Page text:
About Taxation of Social Security Disability Benefits - TickerTV News
Are Social Security Disability Insurance (SSDI) benefits subject to income tax? It’s a question regularly asked of the AMAC Foundation’s Social Security Advisory Service and, as with many questions about Social Security, the answer is “it depends.” There are nuances to almost all Social Security rules, but this one is actually an IRS question – after all, it is the IRS, not the Social Security Administration, which administers the nation’s income tax program.
Social Security Disability benefits may, or may not be subject to taxation by the IRS. If the SSDI recipient’s only income is SSDI, then those benefits are likely not taxable. But if the SSDI beneficiary has significant other income – for example, from investments, interest, dividends, sale of property, etc. – then SSDI benefits will likely be taxable. You see, there is an income threshold at which Social Security benefits become taxable, and the threshold is different depending on your tax filing status (single or married).
This article appearing at TickerTV News provides an outline of Social Security Disability, including what it is and how it works, and explains that SSDI benefits are, indeed, taxable under certain circumstances. The article also indicates that another government benefit known as “SSI” (Supplemental Security Income) is not taxable, but don’t confuse SSI with SSDI – they are different benefit types each with their own rules.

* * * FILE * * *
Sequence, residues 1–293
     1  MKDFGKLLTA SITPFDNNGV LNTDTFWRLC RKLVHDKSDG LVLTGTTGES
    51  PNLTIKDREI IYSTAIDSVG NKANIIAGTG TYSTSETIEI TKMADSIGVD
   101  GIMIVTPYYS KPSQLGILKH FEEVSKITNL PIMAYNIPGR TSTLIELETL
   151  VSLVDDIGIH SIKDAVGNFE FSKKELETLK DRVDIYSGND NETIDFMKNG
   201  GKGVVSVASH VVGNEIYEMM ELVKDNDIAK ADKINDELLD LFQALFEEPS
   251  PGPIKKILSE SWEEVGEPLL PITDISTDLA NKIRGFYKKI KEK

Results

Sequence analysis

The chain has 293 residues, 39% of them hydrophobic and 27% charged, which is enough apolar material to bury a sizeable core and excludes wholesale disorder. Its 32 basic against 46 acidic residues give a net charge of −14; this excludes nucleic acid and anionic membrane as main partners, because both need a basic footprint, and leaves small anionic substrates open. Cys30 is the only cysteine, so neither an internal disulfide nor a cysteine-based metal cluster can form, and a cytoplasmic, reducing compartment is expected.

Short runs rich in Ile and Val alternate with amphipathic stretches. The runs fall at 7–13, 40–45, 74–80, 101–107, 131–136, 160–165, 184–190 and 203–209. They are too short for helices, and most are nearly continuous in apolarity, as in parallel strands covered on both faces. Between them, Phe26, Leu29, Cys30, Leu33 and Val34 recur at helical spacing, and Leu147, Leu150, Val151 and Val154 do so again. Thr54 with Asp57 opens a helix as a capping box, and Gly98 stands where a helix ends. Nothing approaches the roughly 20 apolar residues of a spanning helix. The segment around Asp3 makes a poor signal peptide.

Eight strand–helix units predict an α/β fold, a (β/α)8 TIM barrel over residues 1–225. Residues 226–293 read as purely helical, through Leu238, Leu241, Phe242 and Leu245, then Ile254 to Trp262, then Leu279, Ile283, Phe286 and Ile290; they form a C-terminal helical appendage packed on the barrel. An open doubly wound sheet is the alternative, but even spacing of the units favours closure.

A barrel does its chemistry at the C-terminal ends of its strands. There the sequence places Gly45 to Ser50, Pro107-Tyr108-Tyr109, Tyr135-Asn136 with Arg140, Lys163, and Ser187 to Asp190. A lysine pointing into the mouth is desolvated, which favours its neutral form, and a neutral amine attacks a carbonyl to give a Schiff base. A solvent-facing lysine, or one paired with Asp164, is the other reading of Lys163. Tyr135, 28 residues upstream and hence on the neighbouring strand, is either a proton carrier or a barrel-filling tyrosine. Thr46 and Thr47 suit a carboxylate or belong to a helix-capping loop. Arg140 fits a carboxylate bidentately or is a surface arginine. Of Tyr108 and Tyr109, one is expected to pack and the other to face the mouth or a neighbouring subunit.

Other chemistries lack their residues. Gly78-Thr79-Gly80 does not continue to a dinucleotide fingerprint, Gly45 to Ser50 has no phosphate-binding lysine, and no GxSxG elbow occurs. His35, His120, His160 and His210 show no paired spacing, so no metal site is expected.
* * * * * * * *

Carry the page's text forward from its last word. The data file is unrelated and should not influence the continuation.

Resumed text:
In a nutshell, SSDI benefits are taxed if the recipients combined income from all sources as a single income tax filer is more than $25,000, or more than $32,000 as one who files as “married/jointly.” The portion of SSDI benefits which will be taxed by the IRS is between 50% and 85% of SSDI benefits received, depending on total combined income (which includes half of SSDI benefits received during the tax year).
Click here to read the TickerTV News article about taxation of SSDI benefits and, if you have additional questions, contact the AMAC Foundation’s Social Security Advisor Service at 1.888.750.2622, or via email to [email protected]. There is never a fee for the AMAC Foundation’s advisory service. Learn more about it here…